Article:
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Monkeypox declared a global health emergency by the World Health Organization


Monkeypox is a rare but dangerous infection similar to the now eradicated smallpox virus.

Monkeypox is an outbreak that has spread around the world rapidly, through new modes of transmission about which we understand ‘too little’, and which meets the criteria of an emergency under International Health Regulations. 

“For all of these reasons, I have decided that the global monkeypox outbreak represents a public health emergency of international concern”, the World Health Organization’s Director, Tedros Adhanom Gebreyesus, announced on Sunday during a press conference.

Tedros indicated that the current risk of Monkeypox is moderate globally and in all regions, except in the European region where the risk is high.

“There is also a clear risk of further international spread, although the risk of interference with international traffic remains low for the moment”, he added.

Currently, there are more than 16,000 reported cases from 75 countries and territories and five deaths.

Monkeypox declared a global health emergency by the World Health Organization

Monkeypox lesions often appear on the palms of hands.

The outbreak can be stopped

WHO’s chief said that although he was declaring a public health emergency of international concern, for the moment the Monkeypox outbreak is concentrated among men who have sex with men, especially those with multiple sexual partners.

“That means that this is an outbreak that can be stopped with the right strategies in the right groups”, he explained.

Tedros said that it is essential that all countries work closely with communities of men who have sex with men, to design and deliver effective information and services, and to adopt measures that protect the health, human rights and dignity of affected communities.

“Stigma and discrimination can be as dangerous as any virus”, he warned, calling on civil society organisations, including those with experience in working with people living with HIV, to work with the agency on fighting stigma and discrimination.

“With the tools we have right now, we can stop transmission and bring this outbreak under control”, he highlighted.

Monkeypox declared a global health emergency by the World Health Organization

The World Health Organization (WHO) continues to work with patients and community advocates to develop and deliver information tailored to communities affected by monkeypox.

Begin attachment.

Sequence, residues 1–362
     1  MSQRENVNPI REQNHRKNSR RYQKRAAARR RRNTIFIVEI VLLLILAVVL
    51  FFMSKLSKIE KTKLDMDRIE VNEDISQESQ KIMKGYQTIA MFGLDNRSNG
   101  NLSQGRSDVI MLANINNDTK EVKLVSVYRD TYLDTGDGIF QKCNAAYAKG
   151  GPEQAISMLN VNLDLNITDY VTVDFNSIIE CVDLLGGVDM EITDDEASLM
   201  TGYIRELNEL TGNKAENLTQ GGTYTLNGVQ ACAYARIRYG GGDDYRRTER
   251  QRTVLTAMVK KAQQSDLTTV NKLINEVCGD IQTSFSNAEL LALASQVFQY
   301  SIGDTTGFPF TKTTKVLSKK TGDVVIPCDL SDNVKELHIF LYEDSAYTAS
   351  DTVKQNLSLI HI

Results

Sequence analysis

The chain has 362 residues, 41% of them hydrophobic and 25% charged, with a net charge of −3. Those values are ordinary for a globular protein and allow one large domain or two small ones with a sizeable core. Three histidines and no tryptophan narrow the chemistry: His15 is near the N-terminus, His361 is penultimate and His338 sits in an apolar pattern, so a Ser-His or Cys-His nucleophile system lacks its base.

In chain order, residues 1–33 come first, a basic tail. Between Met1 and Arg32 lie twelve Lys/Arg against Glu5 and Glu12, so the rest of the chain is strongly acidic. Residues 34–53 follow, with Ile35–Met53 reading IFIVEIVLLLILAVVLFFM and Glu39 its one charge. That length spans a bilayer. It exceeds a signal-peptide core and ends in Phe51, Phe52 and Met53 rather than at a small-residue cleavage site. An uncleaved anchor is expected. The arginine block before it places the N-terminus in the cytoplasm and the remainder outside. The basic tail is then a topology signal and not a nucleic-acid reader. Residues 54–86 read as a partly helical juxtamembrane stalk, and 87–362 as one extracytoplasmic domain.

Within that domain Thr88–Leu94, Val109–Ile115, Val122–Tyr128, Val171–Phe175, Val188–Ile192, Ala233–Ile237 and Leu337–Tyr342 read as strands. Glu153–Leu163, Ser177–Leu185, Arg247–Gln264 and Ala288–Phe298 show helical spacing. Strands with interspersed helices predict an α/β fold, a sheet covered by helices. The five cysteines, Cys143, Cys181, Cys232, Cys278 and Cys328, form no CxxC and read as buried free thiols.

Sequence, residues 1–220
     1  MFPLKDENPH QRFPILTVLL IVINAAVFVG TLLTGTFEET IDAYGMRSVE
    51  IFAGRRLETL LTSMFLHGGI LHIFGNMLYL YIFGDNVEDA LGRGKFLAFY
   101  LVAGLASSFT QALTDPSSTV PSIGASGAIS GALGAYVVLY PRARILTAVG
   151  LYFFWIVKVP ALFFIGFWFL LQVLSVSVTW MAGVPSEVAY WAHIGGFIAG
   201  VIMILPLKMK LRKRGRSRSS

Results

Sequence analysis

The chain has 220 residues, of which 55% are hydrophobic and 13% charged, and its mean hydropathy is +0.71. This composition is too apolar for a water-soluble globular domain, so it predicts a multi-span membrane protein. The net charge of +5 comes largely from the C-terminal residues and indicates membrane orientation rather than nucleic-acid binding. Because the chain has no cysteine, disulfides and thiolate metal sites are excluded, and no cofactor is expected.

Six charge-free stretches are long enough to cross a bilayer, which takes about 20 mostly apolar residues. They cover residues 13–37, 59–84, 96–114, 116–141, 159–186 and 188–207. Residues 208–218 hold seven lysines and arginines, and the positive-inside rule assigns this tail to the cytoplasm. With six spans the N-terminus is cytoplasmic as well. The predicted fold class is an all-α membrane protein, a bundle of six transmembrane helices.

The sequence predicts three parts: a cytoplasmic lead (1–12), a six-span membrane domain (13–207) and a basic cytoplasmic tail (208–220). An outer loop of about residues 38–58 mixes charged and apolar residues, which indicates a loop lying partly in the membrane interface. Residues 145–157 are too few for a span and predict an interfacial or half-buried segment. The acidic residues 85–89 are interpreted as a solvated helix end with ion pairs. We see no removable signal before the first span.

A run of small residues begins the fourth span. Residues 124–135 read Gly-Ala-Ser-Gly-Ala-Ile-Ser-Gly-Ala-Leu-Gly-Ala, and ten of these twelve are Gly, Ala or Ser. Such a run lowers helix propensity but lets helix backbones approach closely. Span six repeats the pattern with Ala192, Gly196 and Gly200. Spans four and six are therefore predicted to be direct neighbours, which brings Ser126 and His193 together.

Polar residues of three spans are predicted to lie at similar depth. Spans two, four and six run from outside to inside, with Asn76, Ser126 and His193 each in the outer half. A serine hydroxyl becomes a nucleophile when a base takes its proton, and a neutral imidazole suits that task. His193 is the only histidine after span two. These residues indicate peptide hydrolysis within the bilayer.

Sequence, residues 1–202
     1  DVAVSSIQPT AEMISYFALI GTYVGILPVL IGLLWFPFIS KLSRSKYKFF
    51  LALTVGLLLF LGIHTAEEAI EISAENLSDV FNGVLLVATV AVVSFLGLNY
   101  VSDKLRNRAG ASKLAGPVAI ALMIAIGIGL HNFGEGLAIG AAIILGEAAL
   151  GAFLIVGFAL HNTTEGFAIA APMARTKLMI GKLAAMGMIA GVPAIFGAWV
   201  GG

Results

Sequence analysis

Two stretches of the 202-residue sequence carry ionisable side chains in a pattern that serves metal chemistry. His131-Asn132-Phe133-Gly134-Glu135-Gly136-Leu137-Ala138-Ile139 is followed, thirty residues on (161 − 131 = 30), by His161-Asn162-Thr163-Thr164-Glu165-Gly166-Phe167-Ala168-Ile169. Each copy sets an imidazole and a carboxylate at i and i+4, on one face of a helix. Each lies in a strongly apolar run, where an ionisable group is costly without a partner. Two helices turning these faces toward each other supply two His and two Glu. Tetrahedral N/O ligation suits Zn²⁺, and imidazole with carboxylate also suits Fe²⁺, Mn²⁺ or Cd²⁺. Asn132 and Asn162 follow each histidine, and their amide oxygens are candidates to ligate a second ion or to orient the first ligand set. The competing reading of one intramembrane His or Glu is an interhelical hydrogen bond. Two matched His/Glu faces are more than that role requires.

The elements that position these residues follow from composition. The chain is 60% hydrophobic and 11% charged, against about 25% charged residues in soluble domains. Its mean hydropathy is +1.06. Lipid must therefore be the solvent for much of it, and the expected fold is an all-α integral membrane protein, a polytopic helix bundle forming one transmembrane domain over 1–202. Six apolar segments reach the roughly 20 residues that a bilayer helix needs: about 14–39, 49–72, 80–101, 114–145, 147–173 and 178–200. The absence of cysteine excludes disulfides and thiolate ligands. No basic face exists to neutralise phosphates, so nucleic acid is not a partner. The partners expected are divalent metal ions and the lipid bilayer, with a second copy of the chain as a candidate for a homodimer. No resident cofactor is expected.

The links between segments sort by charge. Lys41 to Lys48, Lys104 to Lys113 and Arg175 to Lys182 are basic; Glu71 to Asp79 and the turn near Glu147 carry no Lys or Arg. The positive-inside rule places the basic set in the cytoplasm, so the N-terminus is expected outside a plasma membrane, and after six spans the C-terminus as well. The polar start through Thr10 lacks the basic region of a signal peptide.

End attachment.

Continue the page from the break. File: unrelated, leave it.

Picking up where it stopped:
Undecided committee

Tedros clarified that the Emergency Committee under the International Health Regulations, convened last Thursday, could not reach a consensus about Monkeypox.

He explained that WHO has to consider five elements to decide whether an outbreak constitutes a public health emergency of international concern.

  1. Information provided by countries – which in this case shows that the virus has spread rapidly to many countries that have not seen it before;
  2. The three criteria for declaring a public health emergency of international concern under the International Health Regulations— being an extraordinary event, a public health risk to other States and a potential need to require a coordinated international response;
  3. The advice of the Emergency Committee, which did not reach a consensus;
  4. Scientific principles, evidence and other relevant information – which according to Tedros are currently insufficient and leave them with many unknowns;
  5. The risk to human health, international spread, and the potential for interference with international traffic.


In order to fight the Monkeypox outbreak WHO recommends countries to:

  • Implement a coordinated response to stop transmission and protect vulnerable groups
  • Engage and protect affected communities
  • Intensify surveillance and public health measures
  • Strengthen clinical management and infection prevention and control in hospitals and clinics
  • Accelerate research into the use of vaccines, therapeutics and other tools

A full set of recommendations adapted to different country contexts is published on WHO’s website, and the agency has also launched a live data dashboard for the monkeypox outbreak.

 WHO now has three active public health emergencies of international concern: COVID-19, polio and Monkeypox.

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